Ever since the middle of the 19th century citric acid has been industrially refined and is used increasingly as a natural flavouring, antioxidant, acid regulator and binding agent. At first, it was particularly extracted on Sicily through refining citrus fruit.
From 1916 the Louvain student Alphonse Cappuyns was working ardently on the biological production of citric acid.
He first had randomly chosen bio-organisms (cytomyces) react with refined sugar. Later, he began using the Aspergillus Niger fungus. This proved to be a lucky hit.
From then on, it was possible to engage in the lucrative production process.
Hence, the establishment, in 1929, of the Belgian-Italian company La Citrique Belge.
By combining the Belgian savvy of fermentation with the Italian knowledge of refinery, production and profitability grew apace.
Even more so, when in 1947 sugar was replaced by the cheaper raw material molasses.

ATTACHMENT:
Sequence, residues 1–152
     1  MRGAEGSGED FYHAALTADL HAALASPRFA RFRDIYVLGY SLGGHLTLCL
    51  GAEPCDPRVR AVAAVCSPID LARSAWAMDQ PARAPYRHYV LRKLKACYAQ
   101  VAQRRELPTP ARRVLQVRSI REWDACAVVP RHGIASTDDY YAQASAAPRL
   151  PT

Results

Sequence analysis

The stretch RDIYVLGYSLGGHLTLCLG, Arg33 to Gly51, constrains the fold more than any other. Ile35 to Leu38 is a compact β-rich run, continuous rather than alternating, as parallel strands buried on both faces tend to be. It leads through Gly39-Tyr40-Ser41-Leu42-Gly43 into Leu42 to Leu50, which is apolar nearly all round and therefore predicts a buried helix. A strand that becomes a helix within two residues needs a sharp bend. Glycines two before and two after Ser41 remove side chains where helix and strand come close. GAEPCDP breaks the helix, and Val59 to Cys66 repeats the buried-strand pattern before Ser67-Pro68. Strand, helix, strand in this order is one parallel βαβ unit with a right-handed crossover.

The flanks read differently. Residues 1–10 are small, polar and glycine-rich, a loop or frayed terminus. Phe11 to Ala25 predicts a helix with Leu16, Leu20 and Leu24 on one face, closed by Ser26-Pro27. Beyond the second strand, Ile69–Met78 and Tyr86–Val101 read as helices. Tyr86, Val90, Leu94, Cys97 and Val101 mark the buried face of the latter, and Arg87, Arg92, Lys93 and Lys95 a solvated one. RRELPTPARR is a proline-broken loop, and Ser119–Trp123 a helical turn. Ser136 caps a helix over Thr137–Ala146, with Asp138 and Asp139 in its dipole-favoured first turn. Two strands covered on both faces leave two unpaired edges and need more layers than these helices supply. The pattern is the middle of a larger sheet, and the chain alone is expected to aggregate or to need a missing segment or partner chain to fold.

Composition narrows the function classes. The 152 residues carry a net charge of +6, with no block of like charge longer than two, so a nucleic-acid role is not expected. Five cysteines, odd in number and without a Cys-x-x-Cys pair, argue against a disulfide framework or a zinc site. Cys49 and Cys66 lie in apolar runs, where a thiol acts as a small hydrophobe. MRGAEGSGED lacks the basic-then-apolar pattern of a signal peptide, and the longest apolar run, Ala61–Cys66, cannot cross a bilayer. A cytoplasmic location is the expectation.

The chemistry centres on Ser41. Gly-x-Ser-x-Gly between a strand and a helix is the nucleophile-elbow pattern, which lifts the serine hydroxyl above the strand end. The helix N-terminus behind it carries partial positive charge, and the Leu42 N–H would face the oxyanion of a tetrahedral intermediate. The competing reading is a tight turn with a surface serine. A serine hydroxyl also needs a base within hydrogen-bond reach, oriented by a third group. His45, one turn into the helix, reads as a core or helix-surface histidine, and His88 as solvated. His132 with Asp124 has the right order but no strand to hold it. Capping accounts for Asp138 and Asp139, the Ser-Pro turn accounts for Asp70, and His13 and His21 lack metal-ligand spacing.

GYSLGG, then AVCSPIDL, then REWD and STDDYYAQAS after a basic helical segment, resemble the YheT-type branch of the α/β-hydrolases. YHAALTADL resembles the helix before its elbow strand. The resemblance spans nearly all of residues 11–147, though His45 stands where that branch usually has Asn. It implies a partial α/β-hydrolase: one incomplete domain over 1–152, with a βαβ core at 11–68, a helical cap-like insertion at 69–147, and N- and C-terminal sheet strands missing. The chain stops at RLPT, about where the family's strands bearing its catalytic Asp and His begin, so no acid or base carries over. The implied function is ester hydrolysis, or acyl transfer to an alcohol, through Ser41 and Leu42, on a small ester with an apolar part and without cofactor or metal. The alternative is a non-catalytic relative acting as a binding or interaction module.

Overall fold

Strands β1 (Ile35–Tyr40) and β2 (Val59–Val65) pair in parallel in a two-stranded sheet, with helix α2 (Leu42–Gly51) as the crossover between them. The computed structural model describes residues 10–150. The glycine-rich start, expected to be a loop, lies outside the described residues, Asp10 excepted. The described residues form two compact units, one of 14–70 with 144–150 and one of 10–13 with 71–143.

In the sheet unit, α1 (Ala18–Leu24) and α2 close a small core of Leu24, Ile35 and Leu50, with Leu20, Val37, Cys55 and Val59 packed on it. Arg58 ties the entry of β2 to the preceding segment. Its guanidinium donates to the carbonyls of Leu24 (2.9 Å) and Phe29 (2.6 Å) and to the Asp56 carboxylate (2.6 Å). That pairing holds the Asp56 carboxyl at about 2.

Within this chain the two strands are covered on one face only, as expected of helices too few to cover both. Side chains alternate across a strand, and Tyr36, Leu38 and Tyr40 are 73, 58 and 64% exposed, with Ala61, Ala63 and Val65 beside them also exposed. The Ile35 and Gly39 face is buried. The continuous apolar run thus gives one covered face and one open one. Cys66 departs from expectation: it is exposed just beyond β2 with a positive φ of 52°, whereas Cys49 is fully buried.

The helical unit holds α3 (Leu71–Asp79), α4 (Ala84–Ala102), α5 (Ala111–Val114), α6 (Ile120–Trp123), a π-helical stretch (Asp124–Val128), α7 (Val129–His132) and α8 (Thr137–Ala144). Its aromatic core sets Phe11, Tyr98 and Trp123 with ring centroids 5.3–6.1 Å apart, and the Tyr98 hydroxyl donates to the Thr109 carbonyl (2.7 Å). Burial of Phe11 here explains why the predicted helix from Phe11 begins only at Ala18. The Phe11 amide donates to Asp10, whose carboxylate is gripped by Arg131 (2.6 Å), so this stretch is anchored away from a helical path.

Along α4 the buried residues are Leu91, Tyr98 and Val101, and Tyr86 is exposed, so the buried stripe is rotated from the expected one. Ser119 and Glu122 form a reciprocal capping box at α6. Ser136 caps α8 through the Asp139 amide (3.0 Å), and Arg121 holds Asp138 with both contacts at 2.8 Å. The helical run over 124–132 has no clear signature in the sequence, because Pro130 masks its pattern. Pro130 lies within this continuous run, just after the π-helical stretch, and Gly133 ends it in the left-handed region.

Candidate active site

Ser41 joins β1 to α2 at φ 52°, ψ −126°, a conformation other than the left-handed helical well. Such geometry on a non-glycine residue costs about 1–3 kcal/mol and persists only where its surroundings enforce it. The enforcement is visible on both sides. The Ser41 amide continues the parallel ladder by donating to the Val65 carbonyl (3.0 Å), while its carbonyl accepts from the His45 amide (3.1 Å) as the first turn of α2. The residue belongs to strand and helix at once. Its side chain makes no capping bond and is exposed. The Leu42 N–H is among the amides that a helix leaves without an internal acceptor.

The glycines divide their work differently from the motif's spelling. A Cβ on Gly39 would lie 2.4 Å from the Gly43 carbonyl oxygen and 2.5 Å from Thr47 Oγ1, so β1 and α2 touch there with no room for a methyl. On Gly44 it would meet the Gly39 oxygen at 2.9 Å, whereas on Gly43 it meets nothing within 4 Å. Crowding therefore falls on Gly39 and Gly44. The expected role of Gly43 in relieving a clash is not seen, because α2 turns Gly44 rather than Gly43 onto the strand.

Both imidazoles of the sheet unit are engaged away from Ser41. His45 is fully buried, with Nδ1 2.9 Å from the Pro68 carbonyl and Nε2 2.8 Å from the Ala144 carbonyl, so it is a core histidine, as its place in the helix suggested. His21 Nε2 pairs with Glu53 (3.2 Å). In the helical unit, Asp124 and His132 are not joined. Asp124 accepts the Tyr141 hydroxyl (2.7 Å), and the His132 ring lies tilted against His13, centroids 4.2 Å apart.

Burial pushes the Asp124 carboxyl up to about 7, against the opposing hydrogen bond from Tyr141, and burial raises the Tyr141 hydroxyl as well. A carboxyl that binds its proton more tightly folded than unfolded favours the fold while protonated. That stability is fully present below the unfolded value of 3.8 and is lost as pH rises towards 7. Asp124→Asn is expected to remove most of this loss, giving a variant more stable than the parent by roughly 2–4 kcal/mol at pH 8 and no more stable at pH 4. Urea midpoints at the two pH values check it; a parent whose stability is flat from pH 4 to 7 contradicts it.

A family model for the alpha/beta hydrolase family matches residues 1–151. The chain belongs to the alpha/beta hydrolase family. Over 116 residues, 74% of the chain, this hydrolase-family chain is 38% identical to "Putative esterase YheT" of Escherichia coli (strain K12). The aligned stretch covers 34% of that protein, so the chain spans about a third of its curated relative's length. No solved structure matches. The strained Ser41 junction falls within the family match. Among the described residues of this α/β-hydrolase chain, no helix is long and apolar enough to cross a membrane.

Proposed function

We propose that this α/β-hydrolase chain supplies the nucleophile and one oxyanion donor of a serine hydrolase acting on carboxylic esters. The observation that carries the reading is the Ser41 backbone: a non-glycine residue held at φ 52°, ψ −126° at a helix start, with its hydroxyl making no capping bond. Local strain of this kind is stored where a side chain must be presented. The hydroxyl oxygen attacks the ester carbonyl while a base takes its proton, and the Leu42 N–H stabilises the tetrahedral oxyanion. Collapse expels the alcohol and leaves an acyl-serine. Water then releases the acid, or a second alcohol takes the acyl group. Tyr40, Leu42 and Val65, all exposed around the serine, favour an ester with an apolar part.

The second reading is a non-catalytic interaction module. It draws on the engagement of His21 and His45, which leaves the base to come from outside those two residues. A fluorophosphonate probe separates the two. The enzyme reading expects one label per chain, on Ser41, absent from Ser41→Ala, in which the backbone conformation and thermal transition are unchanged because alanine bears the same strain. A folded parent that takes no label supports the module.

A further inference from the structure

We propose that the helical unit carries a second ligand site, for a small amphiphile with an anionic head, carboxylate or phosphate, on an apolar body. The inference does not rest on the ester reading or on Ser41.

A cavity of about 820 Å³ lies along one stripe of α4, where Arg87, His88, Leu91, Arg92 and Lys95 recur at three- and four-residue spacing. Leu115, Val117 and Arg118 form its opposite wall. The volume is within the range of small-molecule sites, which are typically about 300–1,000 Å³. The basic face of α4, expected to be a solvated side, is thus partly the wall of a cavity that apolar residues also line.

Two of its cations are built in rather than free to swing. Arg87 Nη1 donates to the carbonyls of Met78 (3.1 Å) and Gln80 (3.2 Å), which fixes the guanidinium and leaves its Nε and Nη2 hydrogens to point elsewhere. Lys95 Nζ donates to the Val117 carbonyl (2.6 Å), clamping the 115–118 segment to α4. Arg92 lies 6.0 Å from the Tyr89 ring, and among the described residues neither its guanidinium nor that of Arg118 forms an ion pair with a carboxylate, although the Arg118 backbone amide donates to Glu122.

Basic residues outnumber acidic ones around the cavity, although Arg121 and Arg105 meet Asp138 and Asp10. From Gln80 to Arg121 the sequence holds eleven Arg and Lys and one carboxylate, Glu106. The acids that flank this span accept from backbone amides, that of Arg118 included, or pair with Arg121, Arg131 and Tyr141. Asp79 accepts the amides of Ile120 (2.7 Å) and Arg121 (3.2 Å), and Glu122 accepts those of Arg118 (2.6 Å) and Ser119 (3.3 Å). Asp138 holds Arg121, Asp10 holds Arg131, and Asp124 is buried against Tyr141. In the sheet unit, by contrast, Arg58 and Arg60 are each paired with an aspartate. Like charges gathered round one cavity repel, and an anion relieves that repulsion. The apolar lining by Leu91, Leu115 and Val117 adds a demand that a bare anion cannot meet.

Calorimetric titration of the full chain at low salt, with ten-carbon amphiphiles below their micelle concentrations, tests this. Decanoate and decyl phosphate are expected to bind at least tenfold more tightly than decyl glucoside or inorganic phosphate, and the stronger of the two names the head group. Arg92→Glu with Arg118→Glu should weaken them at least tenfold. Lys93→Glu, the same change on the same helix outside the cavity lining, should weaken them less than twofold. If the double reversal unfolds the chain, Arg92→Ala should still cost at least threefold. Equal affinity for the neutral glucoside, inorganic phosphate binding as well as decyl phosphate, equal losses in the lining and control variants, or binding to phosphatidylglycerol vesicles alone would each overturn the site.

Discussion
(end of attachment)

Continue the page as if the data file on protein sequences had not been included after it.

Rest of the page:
Cappuyns then took over all Italian shares and further expanded production.
Moreover, the coal-fired boilers were converted to the use of oil, which was much cleaner.
In addition, the mycelium was reclaimed from the waste and sold as feed under the brand name Citrocol.
By the end of the 1960s and in the early 1970s the Cappuyns family became aware that their private company lacked the necessary funds to operate effectively in the global market. Hence, in 1977 the company was taken over by Hoffmann-La Roche.
Hoffman-La Roche invested both additional capital and technological and managerial know-how in Citrique Belge, more than doubling its production capacity.
In 2003 DSM took over the vitamin division of Roche, including Citrique Belge.
Ever since, our company has been a part of a strong concern that increasingly focuses on food products and pharmaceutical additives.
In 2010 Citrique Belge was acquired by Adcuram.